While on her regular walk on the Texas City beach, Preeti Desai stumbled upon an odd creature that she wasn’t able to identify. The creature she thought normally wouldn’t swim deep in the sea. She challenged aquatic biology enthusiasts to identify on her twitter verse “Okay, biology twitter, what the heck is this? Found on a beach in Texas City, TX”.
Professor of Aquatic Biology at the University of Washington and the School of Aquatic and Fisheries Sciences, Adam Summers, replied that the creature was identifiable due to the “remnant of skin coloration, the body and the head shape, the teeth and the shape of the jaw they are in”. Though the eyes weren’t visible but Summers thought they had decayed due to desiccation so they weren’t observable.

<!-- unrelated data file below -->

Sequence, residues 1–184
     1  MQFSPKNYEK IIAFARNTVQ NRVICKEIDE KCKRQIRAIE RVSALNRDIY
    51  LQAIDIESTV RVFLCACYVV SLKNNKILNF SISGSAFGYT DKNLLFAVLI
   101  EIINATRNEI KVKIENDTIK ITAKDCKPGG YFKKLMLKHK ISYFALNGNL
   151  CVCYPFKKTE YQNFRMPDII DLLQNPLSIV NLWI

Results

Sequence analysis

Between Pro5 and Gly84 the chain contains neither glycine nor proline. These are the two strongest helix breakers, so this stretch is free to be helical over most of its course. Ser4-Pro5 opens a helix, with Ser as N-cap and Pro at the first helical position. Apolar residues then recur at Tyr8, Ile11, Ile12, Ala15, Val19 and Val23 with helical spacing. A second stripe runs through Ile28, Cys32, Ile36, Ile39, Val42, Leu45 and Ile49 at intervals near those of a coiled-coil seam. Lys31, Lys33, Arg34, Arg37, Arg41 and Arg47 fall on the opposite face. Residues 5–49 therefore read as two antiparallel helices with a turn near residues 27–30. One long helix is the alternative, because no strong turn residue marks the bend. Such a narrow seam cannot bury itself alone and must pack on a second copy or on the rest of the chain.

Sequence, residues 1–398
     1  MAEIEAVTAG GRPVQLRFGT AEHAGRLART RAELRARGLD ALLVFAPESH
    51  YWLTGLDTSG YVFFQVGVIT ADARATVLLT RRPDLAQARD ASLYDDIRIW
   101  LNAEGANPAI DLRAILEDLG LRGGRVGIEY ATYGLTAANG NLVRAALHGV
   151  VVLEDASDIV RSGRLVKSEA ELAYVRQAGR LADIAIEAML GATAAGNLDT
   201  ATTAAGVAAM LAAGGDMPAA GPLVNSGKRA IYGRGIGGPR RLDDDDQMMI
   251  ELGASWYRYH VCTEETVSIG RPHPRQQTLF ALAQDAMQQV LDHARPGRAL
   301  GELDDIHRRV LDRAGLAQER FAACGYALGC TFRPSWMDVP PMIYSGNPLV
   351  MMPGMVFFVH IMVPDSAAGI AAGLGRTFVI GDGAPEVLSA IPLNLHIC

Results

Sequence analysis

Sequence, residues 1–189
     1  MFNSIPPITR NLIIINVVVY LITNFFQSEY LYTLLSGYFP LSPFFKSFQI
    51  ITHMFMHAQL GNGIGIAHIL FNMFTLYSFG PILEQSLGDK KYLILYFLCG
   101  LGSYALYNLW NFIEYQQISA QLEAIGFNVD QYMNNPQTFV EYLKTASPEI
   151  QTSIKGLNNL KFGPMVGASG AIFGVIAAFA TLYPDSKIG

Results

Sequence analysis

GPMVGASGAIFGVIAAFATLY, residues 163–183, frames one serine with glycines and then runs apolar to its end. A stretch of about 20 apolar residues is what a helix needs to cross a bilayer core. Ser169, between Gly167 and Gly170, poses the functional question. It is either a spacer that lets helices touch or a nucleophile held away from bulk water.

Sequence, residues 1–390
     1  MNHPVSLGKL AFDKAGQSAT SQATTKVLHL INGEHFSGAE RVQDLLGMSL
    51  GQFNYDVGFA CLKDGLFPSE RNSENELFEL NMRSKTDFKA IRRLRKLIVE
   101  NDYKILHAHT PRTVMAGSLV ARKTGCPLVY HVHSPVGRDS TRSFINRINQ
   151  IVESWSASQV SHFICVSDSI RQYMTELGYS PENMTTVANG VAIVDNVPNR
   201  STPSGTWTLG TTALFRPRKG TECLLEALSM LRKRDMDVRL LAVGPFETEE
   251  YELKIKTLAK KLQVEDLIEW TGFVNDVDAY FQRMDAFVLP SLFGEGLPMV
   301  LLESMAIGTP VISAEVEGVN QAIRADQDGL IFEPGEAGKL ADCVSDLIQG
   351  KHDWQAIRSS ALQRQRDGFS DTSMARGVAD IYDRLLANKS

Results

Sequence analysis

According to Summers, Ben Frable, at the University of California, San Diego Scripps Institution Of Oceanography had recognized the creature as fangtooth snake-eel. Summers tweeted “Frable has I Ded this thing, it is an Ophichthid eel called a tusky eel (Aplatophischauliodus).” However, biologist and eel specialist Dr. Kenneth Tighe thought that most likely it was the fangtooth snake-eel, but it could also garden or conger eel. All these three types are found off the coast of Texas and have large fang- like teeth.
Though Frable wasn’t sure if the Hurricane Harvey that hit Texas on august 25 was to blame for bringing the eel to the beach, as according to him these sometimes do come in shallow waters. Normally this fish is found 30 to 90 meters deep in the western Atlantic Ocean. They feed on smaller fish and crustaceans and can reach up to 33 inches in length.